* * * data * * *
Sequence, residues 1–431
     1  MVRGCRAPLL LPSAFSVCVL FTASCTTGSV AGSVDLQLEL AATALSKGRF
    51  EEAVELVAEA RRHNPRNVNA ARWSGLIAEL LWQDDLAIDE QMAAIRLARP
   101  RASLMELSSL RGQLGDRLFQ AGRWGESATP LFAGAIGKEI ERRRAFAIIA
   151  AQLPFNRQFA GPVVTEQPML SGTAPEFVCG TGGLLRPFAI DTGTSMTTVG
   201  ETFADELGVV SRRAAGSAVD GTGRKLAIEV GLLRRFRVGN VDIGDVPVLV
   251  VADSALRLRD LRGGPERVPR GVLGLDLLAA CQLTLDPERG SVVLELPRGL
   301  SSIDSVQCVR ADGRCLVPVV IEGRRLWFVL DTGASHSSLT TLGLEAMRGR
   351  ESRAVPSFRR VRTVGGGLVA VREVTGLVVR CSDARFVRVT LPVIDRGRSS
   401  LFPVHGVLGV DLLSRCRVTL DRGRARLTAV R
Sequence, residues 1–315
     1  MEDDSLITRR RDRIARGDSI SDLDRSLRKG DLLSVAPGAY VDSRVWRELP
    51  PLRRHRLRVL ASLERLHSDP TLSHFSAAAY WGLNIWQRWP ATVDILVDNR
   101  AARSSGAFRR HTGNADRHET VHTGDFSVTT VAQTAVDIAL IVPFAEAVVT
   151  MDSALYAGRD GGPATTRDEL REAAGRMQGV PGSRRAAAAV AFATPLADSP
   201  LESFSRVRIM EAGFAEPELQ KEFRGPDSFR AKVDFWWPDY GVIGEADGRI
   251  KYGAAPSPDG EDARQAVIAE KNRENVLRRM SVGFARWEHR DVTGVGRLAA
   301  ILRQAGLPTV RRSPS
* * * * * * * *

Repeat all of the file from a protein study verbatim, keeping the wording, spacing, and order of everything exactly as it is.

Sequence, residues 1–431
     1  MVRGCRAPLL LPSAFSVCVL FTASCTTGSV AGSVDLQLEL AATALSKGRF
    51  EEAVELVAEA RRHNPRNVNA ARWSGLIAEL LWQDDLAIDE QMAAIRLARP
   101  RASLMELSSL RGQLGDRLFQ AGRWGESATP LFAGAIGKEI ERRRAFAIIA
   151  AQLPFNRQFA GPVVTEQPML SGTAPEFVCG TGGLLRPFAI DTGTSMTTVG
   201  ETFADELGVV SRRAAGSAVD GTGRKLAIEV GLLRRFRVGN VDIGDVPVLV
   251  VADSALRLRD LRGGPERVPR GVLGLDLLAA CQLTLDPERG SVVLELPRGL
   301  SSIDSVQCVR ADGRCLVPVV IEGRRLWFVL DTGASHSSLT TLGLEAMRGR
   351  ESRAVPSFRR VRTVGGGLVA VREVTGLVVR CSDARFVRVT LPVIDRGRSS
   401  LFPVHGVLGV DLLSRCRVTL DRGRARLTAV R
Sequence, residues 1–315
     1  MEDDSLITRR RDRIARGDSI SDLDRSLRKG DLLSVAPGAY VDSRVWRELP
    51  PLRRHRLRVL ASLERLHSDP TLSHFSAAAY WGLNIWQRWP ATVDILVDNR
   101  AARSSGAFRR HTGNADRHET VHTGDFSVTT VAQTAVDIAL IVPFAEAVVT
   151  MDSALYAGRD GGPATTRDEL REAAGRMQGV PGSRRAAAAV AFATPLADSP
   201  LESFSRVRIM EAGFAEPELQ KEFRGPDSFR AKVDFWWPDY GVIGEADGRI
   251  KYGAAPSPDG EDARQAVIAE KNRENVLRRM SVGFARWEHR DVTGVGRLAA
   301  ILRQAGLPTV RRSPS